Wednesday, 30 October 2013

Loch Gruinart

A wonderful walk a couple of weeks ago on the western shores of Loch Gruinart in bright sunshine with lots of geese and the grand finale was an otter running up the sand towards me!

Monday, 28 October 2013

Dr Steve Percival ringing Barnacle geese at RSPB Loch Gruinart

Barnacle geese in the cannon net awaiting ringing and release.

Geese queuing up to be measured

Dr Steve Percival placing a ring around a leg....

Suitably labelled - away we go....
120 Barnacle geese were captured this morning on the RSPB nature reserve up at Loch Gruinart. using a cannon net. The geese feed and roost in huge flocks and it is possible, but by no means easy, to lure them within range of the net by baiting the ground with corn.

Once caught, various measurements are taken, and three rings placed on the legs. One is a red 'locality ring' which can easily be seen with binoculars and shows that the bird was caught in a particular location (it might be a red ring for Gruinart, but a blue ring for Bowmore for example). There is also a white 'Darvic Ring' which can be read, with luck and skill, while using a telescope, and then there is the standard metal BTO ring which can only be read by recapturing the bird, or finding it dead. So each bird captured is eventually released adorned with a fair amount of leg ornament.

The feeding behaviour patterns, population structure and breeding success of these Barnacle geese is of increasing interest to Islay's farmers, who are compensated by the Scottish Government for the very significant damage they do to grazing on the island which would otherwise be available to livestock. The existence of the flocks also means that farmers delay the seeding of the barley fields that are 'growing for Bruichladdich'. In recent years, in common with all areas of public expenditure, the budget available for this compensation has been cut. Some of islay's farmers are now calling for a cull to reduce the numbers.

The cannon netting is co-ordinated by Dr Steve Percival who, with his wife Tracey, has been coming to Islay to study the flocks of wintering geese for many years.

Barnacle geese - Gruinart

Taken from the 'New Hide' on the reserve.

Wednesday, 23 October 2013

Slime mould or frog spawn?

In February 2011, we posted a photograph like the one here and debated whether it was a slime mould or some abandoned frog spawn. Three patches like the one shown here were a few feet apart on a path through a field at Foreland a couple of days ago. A close look shows not just the patches of white jelly but also clumps of tiny black spheres. Had this been early spring, I would have again suggested frog spawn from a frog that had come to grief or had, for some reason, had to lay its spawn out of water. But this is October and so not frog spawning time. For once, the internet doesn't seem to be a lot of help with some saying this kind of thing, including with the tiny black spheres, is a slime mould, called star rot, and others saying, regardless of date, that it is frog spawn. What does anyone think?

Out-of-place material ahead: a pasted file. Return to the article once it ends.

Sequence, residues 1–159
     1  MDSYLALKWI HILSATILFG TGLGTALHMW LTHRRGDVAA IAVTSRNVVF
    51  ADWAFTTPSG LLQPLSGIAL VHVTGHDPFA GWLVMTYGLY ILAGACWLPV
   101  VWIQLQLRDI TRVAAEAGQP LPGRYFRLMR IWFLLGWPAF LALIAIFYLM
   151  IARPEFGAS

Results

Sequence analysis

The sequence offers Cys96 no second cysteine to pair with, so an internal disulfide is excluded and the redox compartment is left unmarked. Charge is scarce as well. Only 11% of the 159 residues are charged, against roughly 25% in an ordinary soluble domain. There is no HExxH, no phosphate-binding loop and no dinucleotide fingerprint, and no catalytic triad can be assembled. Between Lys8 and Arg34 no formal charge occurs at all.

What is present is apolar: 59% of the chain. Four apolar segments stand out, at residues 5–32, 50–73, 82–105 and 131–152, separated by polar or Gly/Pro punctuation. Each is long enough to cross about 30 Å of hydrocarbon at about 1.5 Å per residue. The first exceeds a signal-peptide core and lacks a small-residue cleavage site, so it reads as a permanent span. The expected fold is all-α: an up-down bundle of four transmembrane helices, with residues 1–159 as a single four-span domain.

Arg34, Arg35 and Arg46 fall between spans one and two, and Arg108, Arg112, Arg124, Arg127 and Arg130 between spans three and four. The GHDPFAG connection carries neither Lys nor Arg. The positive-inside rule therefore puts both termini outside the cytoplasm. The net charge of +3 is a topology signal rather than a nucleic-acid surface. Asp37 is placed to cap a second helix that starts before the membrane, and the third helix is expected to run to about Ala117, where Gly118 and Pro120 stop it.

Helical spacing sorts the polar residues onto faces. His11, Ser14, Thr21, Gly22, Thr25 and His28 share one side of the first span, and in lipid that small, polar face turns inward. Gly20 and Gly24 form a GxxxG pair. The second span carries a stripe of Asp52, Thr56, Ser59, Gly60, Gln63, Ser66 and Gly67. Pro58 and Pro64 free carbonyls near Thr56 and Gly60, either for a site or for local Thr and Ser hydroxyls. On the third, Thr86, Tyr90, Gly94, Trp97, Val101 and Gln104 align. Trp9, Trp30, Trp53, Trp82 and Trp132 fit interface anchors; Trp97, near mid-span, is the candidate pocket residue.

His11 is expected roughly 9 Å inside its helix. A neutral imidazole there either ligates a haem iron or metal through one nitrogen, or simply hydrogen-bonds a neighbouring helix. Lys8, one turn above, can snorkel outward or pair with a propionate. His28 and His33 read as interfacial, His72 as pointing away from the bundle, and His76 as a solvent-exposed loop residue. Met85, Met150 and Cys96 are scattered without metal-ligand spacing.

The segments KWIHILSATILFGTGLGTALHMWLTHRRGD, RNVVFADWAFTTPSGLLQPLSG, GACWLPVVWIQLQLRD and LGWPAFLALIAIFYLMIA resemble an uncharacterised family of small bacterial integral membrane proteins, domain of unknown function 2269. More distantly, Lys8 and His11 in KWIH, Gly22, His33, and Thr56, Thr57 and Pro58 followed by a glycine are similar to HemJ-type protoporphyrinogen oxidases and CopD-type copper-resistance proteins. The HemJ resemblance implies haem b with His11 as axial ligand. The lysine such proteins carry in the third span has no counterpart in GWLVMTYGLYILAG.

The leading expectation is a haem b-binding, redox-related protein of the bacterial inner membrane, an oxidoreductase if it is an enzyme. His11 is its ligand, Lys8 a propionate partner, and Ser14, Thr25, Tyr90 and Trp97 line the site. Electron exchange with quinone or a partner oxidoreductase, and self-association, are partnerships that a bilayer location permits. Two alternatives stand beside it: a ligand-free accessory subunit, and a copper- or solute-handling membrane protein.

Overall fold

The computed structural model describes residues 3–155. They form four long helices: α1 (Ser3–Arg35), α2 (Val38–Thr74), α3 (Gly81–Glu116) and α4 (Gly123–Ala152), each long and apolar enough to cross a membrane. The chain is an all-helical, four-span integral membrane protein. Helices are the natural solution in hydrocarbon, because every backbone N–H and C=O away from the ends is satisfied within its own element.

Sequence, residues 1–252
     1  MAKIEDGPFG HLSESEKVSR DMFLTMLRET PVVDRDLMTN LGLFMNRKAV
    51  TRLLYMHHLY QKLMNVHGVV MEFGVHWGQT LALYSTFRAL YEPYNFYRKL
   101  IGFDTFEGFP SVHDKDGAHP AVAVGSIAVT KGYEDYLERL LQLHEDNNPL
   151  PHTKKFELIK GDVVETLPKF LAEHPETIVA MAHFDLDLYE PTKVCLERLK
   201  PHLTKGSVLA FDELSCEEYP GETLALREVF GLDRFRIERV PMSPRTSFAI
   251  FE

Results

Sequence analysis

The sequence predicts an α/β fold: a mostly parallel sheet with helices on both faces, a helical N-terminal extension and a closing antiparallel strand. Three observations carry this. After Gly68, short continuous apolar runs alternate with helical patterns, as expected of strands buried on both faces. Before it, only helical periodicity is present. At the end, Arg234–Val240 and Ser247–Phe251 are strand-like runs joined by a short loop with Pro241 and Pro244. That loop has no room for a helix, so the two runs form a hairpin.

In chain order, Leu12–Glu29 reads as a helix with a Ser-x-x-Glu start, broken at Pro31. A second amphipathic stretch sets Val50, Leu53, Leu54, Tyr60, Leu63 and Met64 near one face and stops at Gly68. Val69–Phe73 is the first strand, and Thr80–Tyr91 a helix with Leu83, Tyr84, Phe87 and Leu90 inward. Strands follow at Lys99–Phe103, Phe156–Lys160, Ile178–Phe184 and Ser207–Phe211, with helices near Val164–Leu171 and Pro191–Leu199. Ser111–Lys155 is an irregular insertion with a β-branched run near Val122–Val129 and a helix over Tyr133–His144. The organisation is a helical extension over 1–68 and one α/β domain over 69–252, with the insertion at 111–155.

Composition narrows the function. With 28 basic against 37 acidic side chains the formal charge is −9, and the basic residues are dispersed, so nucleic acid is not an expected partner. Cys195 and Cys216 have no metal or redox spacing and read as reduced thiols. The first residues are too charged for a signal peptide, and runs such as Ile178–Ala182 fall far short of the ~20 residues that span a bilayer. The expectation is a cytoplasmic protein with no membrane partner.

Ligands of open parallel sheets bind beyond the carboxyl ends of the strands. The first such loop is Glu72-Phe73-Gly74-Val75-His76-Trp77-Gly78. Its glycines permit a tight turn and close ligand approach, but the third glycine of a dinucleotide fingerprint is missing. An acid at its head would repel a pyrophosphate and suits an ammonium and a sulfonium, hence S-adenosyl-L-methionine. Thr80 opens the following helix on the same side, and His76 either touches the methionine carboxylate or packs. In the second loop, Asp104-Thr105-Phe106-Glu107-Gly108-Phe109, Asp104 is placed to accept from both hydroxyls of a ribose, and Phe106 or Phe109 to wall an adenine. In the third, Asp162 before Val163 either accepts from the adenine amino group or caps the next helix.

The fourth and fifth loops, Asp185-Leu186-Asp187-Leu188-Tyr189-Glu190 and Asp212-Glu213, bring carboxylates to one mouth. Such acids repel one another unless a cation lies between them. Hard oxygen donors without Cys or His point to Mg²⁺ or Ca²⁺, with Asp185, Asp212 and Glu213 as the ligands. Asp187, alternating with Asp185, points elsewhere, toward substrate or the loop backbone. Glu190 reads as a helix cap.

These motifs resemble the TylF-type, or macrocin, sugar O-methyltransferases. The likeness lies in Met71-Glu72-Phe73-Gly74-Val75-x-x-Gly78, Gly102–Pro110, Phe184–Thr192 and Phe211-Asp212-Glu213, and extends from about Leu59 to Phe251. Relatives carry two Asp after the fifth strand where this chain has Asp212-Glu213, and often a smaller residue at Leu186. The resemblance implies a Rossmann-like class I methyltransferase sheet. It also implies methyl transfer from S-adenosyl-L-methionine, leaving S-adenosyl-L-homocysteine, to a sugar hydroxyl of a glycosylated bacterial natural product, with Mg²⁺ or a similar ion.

Wednesday, 16 October 2013

Feathered Thorn

On 16th October 2010, I caught this attractive moth in my garden, and it turned out to be only the fourth record for Islay. This morning (16th October 2013), I found I had caught another - Islay's fifth record. It is one of the late flying moths, from mid-September to early December. Some moth names are difficult to understand, but this one is easier as it has feathered antennae (difficult to see in the photograph), while hawthorn and blackthorn are among its larval foodplants. The circle in the photograph is the base of the plastic tube into which I put the moth to take its picture. It is 40mm across (or just over an inch and a half), so it is quite a large insect.

Tuesday, 15 October 2013

Barnacle geese at Gruinart yesterday.  An informal count last Friday notched up 36,040 - with just 474 Whitefronts so far...

Monday, 14 October 2013

More photos from the wild west side

Dung Cap Fungus
Fox Moth caterpillar
Metellina segmentata (Stretch Orb Weaver)
Violet Ground Beetle (eating a worm!)

Galeruca taneceti - a type of leaf beetle - they were everywhere!
A yellow fungus

Tuesday, 8 October 2013

A walk on the wild side

A great walk with lots of things to look at - both little and large, both manmade and natural, both old and young.

Young - Marsh Fritillary caterpillars

Old - ancient Gneiss rock

Small - Ruby Tiger Moth caterpillar

Large (to a caterpillar!) - Stonechat

Manmade - dun near Port Froige

Natural - natural arch near Port Froige

Tuesday, 1 October 2013


The sun rises over Islay's eastern hills at 7.30 am this morning (Oct 1st).